The exchange visits are part of Isis-WICCE’s Exchange Programme; a practical, experiential learning process, which opens eyes of adult learners to lives of other communities and of new possibilities; address apathy; enhance dialogues between communities and are a source of new energy and initiatives towards social change. Exchange visits break boundaries and create a new awareness to other realities. This report therefore documents the processes and strategies used on the exchange visit, level of outreach and impact and lessons learnt.
The report highlights experiences and challenges women and men encountered during the armed conflict in Liberia in the counties of Maryland, Bong, Lofa and Grand Kru. It also highlights the conduct of the warring groups during the conflict.
The 1993-2003 armed conflict in Liberia and the sexual and Gender based violence that emanated had devastating effects not only on individuals but also communities. The war destroyed social service provision and delivery, social networks and kinship systems. The report also reveals that torture and violence were not only committed by armed groups especially on women and girls but were also systematically used by police and prison officers, who were expected to be “custodians of peace.” It also presents the conduct of the warring groups as experienced by survivors; clearly detailing high levels of sexual violence.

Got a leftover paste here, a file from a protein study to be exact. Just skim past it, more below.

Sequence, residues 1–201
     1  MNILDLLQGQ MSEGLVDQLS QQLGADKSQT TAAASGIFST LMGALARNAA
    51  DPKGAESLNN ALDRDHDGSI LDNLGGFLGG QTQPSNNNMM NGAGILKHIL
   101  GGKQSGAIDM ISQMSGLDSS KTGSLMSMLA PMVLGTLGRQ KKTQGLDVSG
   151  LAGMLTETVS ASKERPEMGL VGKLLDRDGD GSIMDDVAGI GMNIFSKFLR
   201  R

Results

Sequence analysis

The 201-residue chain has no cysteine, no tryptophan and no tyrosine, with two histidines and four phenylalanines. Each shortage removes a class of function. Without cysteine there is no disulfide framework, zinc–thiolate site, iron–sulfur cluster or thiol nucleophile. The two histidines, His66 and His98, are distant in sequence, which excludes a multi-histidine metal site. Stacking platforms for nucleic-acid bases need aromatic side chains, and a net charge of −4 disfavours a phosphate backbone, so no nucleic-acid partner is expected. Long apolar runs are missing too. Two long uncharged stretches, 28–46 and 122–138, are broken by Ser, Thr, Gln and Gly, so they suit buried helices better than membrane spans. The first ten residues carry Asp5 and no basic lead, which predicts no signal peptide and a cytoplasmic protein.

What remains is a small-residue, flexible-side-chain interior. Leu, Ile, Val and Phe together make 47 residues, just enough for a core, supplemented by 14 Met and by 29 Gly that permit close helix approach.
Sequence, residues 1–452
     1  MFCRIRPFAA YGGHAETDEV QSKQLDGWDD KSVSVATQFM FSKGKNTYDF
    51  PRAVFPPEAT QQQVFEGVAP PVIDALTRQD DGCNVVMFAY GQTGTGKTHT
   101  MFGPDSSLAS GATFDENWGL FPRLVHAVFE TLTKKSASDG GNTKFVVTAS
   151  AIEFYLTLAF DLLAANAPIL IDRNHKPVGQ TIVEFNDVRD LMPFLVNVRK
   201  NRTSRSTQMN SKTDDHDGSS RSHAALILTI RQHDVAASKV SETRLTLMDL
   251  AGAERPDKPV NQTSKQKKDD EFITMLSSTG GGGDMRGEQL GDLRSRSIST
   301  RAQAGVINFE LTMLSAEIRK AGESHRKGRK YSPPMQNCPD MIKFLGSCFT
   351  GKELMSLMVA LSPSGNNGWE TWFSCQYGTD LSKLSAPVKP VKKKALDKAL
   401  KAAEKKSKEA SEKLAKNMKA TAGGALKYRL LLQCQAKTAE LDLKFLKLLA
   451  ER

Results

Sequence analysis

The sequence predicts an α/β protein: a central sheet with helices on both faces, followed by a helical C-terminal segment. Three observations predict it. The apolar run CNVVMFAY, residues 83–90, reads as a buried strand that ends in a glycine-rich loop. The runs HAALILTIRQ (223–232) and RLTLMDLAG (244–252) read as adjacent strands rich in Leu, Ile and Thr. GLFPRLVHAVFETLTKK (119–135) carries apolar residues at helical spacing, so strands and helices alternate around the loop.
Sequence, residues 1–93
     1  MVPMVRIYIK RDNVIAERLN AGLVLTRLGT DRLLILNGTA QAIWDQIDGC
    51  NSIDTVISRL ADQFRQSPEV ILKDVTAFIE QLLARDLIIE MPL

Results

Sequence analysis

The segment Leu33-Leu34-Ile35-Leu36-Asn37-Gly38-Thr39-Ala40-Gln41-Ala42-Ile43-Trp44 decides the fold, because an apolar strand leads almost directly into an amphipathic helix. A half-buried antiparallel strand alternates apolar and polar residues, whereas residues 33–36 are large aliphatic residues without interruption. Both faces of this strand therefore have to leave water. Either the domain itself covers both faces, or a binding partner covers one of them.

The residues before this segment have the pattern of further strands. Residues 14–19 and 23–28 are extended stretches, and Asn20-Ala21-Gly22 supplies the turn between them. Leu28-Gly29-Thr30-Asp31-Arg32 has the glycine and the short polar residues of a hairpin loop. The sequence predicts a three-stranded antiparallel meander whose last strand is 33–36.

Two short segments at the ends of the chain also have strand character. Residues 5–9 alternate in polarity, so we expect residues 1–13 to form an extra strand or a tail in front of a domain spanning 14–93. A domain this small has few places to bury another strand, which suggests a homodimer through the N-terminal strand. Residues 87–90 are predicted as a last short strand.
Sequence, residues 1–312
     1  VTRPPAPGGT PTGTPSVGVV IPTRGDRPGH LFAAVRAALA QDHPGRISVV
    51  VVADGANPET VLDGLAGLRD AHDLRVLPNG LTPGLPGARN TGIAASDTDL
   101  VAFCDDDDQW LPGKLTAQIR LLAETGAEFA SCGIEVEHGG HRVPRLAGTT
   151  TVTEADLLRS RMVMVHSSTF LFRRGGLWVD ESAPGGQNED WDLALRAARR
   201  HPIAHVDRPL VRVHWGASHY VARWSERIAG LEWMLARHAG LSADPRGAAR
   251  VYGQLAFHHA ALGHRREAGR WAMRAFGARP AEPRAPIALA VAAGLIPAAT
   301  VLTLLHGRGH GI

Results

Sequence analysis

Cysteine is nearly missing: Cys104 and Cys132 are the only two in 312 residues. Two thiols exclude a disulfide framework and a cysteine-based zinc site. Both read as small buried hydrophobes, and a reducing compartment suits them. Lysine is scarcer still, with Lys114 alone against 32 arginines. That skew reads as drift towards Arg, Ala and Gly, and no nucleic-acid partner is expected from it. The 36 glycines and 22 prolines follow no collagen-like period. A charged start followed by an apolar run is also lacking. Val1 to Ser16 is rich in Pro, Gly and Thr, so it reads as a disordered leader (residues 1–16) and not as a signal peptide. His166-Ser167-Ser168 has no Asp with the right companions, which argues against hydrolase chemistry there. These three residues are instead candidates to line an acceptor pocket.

The study documented the experiences of South Sudanese women in the two decades-long armed conflict from 1983-2005. The study covered Juba town in Central Equatorial state. The study shows the devastating impact of conflict on the political, socio-economic and cultural dynamics of South Sudanese women. They were subjected to the most humiliating, brutal and traumatizing experiences. Apart from gang rape, often in the presence of their children, and spouses, women’s vaginas were mutilated with bayonets while young girls would have their external genitalia especially the clitoris cutout. Experiences of such gruesome torture and humiliation often resulted into mental breakdown and physical health problems.
The study reveals that the prolonged civil armed conflict greatly impacted on the population with acute poverty, poor health, persistent insecurity of persons and property, displacement and congestion in the internally displaced people’s camps.